RaDAR Sprint Equipment Development

Thomas Robinson

My last few RaDAR type outings have been a little disappointing in terms of the results (QSOs) obtained.  


Some years back I played about with DIY magnetic loops and was quite impressed with their performanc . Interestingly, being vertically polarised when set up in a vertical plane, they also benefit from the salt water amplifier effect.  So, this morning I dug out my big DIY loop and gave it a checkout.  All was fine but it is quite heavy.  Manageable, but a bit cumbersome - not something you would want to lug around all day (but for a two hour RaDAR sprint outing, maybe).


Today I paired it with the old and heavy Icom 703.  I walked them to my nearby test site and mounted the antenna on the golf trolley.  At the moment the golf trolley with the antenna mounted is not really a proposition for moving site to site as a single unit, so the trolly was trollied and the antenna was carried on my left shoulder.  The rig was in its carry bag slung around my neck and right shoulder,  A sight to behold!


A bonus of this system is that it is extremely quick to deploy on site - faster than my end fed half wave/golf trolley combos.  Another bonus is that once set up, changing bands is just requires re-setting the variable tuning capacitor.  The big loop I used today is very effective on 20/17/15m and above.  It is acceptable on 40m.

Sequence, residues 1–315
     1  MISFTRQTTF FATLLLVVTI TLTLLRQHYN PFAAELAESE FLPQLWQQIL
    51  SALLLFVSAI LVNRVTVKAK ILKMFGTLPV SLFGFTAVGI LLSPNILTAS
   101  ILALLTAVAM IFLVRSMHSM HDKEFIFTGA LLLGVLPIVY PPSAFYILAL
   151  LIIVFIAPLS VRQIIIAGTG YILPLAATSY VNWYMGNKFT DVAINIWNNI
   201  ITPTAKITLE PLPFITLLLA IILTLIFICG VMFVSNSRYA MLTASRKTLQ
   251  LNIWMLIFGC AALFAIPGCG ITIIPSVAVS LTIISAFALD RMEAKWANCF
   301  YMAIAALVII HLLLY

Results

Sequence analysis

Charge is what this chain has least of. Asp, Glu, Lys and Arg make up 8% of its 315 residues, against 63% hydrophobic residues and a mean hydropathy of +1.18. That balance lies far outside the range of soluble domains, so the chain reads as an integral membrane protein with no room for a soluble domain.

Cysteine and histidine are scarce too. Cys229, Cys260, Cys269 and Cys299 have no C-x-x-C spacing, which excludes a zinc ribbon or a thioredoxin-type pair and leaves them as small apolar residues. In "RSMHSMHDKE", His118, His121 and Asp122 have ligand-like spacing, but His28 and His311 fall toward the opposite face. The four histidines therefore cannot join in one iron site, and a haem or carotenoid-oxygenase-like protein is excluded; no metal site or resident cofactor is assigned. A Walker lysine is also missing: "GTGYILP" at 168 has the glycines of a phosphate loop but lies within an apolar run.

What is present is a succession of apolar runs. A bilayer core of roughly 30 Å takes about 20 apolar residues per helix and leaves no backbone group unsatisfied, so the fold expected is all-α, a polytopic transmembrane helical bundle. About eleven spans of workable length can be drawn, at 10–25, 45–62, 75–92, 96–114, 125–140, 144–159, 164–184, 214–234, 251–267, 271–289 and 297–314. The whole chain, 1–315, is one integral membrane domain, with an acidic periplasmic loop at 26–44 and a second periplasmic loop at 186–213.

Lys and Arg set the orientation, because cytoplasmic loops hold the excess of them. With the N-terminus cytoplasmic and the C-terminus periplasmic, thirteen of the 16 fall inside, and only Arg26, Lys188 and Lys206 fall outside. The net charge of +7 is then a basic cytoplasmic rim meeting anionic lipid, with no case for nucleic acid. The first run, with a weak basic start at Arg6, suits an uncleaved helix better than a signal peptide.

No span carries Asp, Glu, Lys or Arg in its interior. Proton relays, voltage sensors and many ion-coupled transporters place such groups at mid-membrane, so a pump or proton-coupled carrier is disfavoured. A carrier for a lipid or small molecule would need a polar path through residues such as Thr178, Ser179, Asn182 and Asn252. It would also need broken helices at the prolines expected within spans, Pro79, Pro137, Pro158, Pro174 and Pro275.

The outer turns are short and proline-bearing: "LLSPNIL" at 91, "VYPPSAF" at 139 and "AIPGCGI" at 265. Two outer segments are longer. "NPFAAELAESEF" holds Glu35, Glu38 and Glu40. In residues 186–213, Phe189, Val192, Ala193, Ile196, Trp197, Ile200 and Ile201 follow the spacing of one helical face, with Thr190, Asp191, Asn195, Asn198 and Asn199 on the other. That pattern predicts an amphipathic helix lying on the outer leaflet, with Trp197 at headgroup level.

I have attached a chart showing the calculated efficiencies (using the calculator from 66pacific.com). The efficiencies show is how the loop compares with dipoles cut for the bands and deployed at their most  advantageous heights.


Also attached are some photos taken at today’s site and snippets from my QRZ.com log and the RaDAR sport log.


So what next?  Weight reduction - the mag loop, the rig? the battery  and myself if I have to carry it any distance.


Its all go, but enjoyable


73 All. Tom G0SBW